Bryce Quinlan had the perfect lifeโ€”working hard all day and partying all nightโ€”until a demon murdered her closest friends, leaving her bereft, wounded, and alone. When the accused is behind bars but the crimes start up again, Bryce finds herself at the heart of the investigation. Sheโ€™ll do whatever it takes to avenge their deaths.

Hunt Athalar is a notorious Fallen angel, now enslaved to the Archangels he once attempted to overthrow. His brutal skills and incredible strength have been set to one purposeโ€”to assassinate his bossโ€™s enemies, no questions asked. But with a demon wreaking havoc in the city, heโ€™s offered an irresistible deal: help Bryce find the murderer, and his freedom will be within reach.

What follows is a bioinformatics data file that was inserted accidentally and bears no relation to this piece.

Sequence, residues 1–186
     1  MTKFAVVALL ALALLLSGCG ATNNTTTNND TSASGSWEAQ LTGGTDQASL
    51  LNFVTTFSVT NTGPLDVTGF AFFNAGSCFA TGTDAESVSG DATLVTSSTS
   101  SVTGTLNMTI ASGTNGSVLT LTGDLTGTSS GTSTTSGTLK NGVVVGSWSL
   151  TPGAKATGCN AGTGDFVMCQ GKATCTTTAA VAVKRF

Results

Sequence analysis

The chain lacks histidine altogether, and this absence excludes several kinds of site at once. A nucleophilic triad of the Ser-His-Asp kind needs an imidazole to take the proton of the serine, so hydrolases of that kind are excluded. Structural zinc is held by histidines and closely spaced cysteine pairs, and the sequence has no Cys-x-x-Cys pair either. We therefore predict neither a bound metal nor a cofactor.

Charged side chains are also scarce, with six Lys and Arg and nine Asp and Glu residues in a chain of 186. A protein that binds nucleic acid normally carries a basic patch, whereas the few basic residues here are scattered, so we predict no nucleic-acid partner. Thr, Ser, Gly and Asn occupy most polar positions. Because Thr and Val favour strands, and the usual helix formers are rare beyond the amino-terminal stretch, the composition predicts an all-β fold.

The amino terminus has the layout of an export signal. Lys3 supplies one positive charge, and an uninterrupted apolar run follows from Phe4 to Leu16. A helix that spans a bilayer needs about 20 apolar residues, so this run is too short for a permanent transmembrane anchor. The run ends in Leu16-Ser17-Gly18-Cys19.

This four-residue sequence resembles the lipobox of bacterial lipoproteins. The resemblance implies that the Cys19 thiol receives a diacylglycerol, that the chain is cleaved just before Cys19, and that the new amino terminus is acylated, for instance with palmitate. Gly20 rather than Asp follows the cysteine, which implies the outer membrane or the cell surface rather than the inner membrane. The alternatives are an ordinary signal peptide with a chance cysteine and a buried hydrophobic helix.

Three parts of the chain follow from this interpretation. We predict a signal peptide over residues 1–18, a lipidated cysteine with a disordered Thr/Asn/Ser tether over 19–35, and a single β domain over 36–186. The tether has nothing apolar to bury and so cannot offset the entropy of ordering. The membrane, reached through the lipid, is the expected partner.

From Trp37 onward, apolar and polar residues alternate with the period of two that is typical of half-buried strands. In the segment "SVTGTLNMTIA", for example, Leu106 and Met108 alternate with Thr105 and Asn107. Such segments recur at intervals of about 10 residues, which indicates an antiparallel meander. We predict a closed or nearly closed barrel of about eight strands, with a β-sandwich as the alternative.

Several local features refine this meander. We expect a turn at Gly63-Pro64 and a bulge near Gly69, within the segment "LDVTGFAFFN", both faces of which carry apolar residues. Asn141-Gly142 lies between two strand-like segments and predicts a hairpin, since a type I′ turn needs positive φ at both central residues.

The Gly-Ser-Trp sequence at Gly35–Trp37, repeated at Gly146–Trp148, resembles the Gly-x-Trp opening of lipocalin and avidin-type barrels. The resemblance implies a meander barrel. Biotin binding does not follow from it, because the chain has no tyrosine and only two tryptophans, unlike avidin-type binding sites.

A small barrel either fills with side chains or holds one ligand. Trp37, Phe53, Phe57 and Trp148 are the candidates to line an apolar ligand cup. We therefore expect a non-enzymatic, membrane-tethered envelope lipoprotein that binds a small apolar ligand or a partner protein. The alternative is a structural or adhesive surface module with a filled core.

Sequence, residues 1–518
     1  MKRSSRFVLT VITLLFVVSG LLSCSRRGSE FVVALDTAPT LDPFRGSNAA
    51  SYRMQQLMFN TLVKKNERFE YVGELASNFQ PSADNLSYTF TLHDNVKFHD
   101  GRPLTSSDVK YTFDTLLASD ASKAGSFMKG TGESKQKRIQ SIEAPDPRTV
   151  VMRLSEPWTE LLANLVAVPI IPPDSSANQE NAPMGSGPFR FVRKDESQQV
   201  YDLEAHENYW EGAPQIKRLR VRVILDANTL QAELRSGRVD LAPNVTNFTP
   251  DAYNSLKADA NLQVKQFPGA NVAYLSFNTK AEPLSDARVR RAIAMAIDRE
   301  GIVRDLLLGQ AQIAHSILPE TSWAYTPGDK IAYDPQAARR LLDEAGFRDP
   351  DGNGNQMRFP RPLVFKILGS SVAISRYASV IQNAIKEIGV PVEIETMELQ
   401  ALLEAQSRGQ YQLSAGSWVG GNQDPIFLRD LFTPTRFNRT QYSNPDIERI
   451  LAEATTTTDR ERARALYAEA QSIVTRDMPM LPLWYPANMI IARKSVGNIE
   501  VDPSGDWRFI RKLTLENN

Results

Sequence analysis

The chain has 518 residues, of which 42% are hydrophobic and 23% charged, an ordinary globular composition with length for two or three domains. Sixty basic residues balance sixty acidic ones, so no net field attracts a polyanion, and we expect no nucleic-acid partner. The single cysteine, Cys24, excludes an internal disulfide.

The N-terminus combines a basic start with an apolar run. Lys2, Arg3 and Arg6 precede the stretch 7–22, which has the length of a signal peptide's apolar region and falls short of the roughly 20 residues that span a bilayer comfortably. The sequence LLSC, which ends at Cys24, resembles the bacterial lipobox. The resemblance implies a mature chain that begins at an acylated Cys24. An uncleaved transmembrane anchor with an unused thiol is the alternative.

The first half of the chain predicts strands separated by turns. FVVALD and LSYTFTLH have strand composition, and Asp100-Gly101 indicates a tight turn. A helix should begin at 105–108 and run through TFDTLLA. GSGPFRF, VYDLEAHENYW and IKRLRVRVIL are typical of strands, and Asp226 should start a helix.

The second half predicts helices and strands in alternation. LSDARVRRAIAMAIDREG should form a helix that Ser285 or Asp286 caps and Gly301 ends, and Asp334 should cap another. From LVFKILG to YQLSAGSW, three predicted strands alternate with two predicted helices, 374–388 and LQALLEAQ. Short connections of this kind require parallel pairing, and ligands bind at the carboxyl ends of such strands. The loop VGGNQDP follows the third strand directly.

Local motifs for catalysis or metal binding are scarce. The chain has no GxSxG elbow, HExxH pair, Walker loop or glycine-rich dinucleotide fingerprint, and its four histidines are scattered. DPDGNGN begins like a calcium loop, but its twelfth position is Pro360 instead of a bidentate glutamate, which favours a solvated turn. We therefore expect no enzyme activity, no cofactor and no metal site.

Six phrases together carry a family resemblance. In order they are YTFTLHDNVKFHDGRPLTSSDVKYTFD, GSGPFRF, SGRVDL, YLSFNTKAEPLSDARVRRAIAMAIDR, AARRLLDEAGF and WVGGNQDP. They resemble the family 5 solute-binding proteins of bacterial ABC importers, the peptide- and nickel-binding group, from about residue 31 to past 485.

As Bryce and Hunt dig deep into Crescent Cityโ€™s underbelly, they discover a dark power that threatens everything and everyone they hold dear, and they find, in each other, a blazing passionโ€”one that could set them both free, if theyโ€™d only let it.

My thoughts:

I loved The Throne of Glass series by Sarah J. Maas and devoured those, and I did enjoy the first book in the A Court of Thorns and Roses series (even though I haven’t gotten around to the next books in the series yet), so when I heard that Maas was writing a series for an adult audience I was very intrigued.
I heard mixed things about the books before going into it, and it seemed like it was either a love or hate relationship for most readers.

House of Earth and Blood is a chunker of a book (it seems like I’m quite into big books these days), coming in at a little over 800 pages.